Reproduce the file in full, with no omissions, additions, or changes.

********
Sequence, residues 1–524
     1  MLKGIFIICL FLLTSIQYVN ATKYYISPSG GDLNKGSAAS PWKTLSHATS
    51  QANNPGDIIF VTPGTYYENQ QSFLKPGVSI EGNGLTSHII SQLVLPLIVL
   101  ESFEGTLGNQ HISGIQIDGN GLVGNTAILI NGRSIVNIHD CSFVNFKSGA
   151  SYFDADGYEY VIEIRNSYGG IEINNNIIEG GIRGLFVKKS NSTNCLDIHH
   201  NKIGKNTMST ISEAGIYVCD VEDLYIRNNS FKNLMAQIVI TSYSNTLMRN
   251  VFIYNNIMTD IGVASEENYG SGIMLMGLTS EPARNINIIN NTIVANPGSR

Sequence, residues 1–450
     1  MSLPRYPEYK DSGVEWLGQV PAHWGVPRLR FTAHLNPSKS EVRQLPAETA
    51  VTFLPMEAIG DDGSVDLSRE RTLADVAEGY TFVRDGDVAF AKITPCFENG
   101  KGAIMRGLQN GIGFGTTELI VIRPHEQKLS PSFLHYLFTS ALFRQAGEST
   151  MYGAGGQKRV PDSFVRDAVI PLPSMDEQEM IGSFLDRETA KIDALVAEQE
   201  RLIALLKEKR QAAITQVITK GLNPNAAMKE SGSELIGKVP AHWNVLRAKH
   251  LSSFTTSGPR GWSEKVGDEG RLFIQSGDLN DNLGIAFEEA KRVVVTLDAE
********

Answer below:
Sequence, residues 1–524
     1  MLKGIFIICL FLLTSIQYVN ATKYYISPSG GDLNKGSAAS PWKTLSHATS
    51  QANNPGDIIF VTPGTYYENQ QSFLKPGVSI EGNGLTSHII SQLVLPLIVL
   101  ESFEGTLGNQ HISGIQIDGN GLVGNTAILI NGRSIVNIHD CSFVNFKSGA
   151  SYFDADGYEY VIEIRNSYGG IEINNNIIEG GIRGLFVKKS NSTNCLDIHH
   201  NKIGKNTMST ISEAGIYVCD VEDLYIRNNS FKNLMAQIVI TSYSNTLMRN
   251  VFIYNNIMTD IGVASEENYG SGIMLMGLTS EPARNINIIN NTIVANPGSR

Sequence, residues 1–450
     1  MSLPRYPEYK DSGVEWLGQV PAHWGVPRLR FTAHLNPSKS EVRQLPAETA
    51  VTFLPMEAIG DDGSVDLSRE RTLADVAEGY TFVRDGDVAF AKITPCFENG
   101  KGAIMRGLQN GIGFGTTELI VIRPHEQKLS PSFLHYLFTS ALFRQAGEST
   151  MYGAGGQKRV PDSFVRDAVI PLPSMDEQEM IGSFLDRETA KIDALVAEQE
   201  RLIALLKEKR QAAITQVITK GLNPNAAMKE SGSELIGKVP AHWNVLRAKH
   251  LSSFTTSGPR GWSEKVGDEG RLFIQSGDLN DNLGIAFEEA KRVVVTLDAE